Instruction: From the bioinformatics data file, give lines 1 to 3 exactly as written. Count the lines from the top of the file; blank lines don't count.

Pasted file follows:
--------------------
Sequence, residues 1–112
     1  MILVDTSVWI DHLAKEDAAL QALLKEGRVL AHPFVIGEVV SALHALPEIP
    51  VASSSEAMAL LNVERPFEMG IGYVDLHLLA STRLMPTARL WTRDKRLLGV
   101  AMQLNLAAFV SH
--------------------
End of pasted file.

Sequence, residues 1–112
     1  MILVDTSVWI DHLAKEDAAL QALLKEGRVL AHPFVIGEVV SALHALPEIP
    51  VASSSEAMAL LNVERPFEMG IGYVDLHLLA STRLMPTARL WTRDKRLLGV